Submerging history, culture and identity

Vibi Yhokha | Kohima, March 25

A visit to Chadong village, a Naga village under Ukhrul district in Manipur will give you a rare view of uncertainty and apprehension living under the shadow of a dam construction. The village carries a deserted look. There are no children playing around, no old people sunbathing outside and most houses are in a dilapidated condition. The Church too appears empty on a Sunday.

Chadong village is one among the 11 villages that will soon be submerged under the Mapithel Dam construction of the Thoubal Multi Purpose Project. On January 10 this year, the Thoubal river was blocked, leading the water levels to rise and submerging 10 hectares of land including paddy fields. By monsoon, most of the paddy fields will submerge.

Standing 66 metres high and 1074 metres long, the dam was approved by the Planning Commission in 1980. Ansal Properties and Industries Limited, New Delhi and Progressive Construction Limited Hyderabad are taking on the construction works. The project is set to produce 7.5 megawatt of electricity while providing 10 million gallons of water to Imphal, daily. However the project will displace over 12,000 people, submerge around 11 villages and 777.34 hectares of paddy fields, 110.75 hectares of homestead, 293. 53 hectares of jhum land and 595.1 hectares of forest land.

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Faced with this scenario, some men gathered in the community hall to talk about their struggle. Each face carried a gaunt look. That look is of fatigue – fatigue from protesting for almost twenty five years against the dam construction. They seem to have lost count of the protests and rallies held. In 2015 itself, four protests were held. One of them mentioned that this fatigue under the shadow of the dam has dissuaded them from building toilets for years. Their struggle is one of the longest against construction of dams in India. (See – Narmada,

Despite the area being a Seismic zone 5 (the highest risk zones), no Environmental impact assessment (EIA) was conducted, nor Social Impact Assessment (SIA) carried out, an assessment that is most crucial in any developmental projects that will determine the resettlement, rehabilitation and relocation of the inhabitants. The villagers were never given any Free, Prior and Informed Consent (FPIC).

After much protest and talks, the Manipur government agreed to provide compensation, however only a few were compensated, that too in seven installments from 1996 to 2003. Demands were also made to the authorities to do a holistic review of the project.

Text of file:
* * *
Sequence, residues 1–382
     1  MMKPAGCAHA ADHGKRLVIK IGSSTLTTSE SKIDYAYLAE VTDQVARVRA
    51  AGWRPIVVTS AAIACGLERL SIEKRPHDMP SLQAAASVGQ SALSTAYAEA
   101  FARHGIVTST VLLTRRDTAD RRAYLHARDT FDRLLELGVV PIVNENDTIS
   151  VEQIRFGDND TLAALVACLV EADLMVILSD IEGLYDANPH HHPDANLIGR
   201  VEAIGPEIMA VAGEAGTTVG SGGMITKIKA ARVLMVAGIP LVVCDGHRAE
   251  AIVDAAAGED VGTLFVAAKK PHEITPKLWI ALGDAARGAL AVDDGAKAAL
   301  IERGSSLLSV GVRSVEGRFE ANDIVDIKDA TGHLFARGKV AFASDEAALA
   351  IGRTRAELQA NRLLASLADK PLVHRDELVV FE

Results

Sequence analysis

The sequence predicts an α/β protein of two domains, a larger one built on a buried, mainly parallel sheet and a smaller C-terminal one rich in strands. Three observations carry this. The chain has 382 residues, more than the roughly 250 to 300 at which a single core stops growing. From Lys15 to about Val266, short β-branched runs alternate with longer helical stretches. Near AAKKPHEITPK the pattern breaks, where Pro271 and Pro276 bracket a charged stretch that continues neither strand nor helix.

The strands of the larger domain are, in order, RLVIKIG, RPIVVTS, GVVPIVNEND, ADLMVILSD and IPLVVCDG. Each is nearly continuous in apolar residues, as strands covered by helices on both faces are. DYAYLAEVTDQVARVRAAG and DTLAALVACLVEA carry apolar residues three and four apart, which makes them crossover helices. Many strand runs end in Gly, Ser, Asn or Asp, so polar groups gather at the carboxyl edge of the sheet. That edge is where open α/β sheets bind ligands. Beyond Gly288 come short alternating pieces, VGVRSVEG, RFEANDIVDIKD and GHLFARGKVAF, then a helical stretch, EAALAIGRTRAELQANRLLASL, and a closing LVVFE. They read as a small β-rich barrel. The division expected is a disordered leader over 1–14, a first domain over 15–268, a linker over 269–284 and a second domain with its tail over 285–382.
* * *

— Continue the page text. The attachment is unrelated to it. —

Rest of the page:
The government never listened, says Thamni Kashung, a resident of Chadong and Advisor for the Mapithel Dam Affected Villages Organisation (MDAVO). “For us, we will continue to protest until our genuine demands are met,” asserts Thanmi. One of their demands being resettlement and relocation of the whole community together, so that the relationships are kept intact and their culture preserved. However no assurances were given.

(Someone asks about the year of establishment of the village over which Honreikhui Kashung replies, “There is no historical record, because we have been settling here since time immemorial.” Chadong village has been there since time immemorial that the villagers know the name of each plant and insect in their land. As is the case for many areas in the region, records of the village only appear with the arrival of Christianity in 1935.)

Our voice and struggle has become so powerless, says Honreikhui Kashung as he cites how the government continues to use different tactics to suppress their movements, to the extent of using outfits to threaten the activists.

As one passes through the dam site, 5 military deployments can be seen. Inside Chadong village, the Manipur Rifles and the Manipur Police are posted, with one attached right opposite the village church.

“They promised us a better future, but with the coming of the project we are feeling more insecure and apprehensive,” says Dominic, an advocate. He laments that the community that once rejoiced together in festivals is now finding themselves divided.

In recent years, divisions had already started among the villagers. Some groups formed a separate committee negotiating with the government without the people’s mandate. Fictitious households and names were included in a list demanding compensation. Soon the committee members received the money and fled the village.

“People here are all farmers. To look out for an alternative arrangement is very difficult. But we will still struggle. The thought of our future is very dark,” adds Dominic.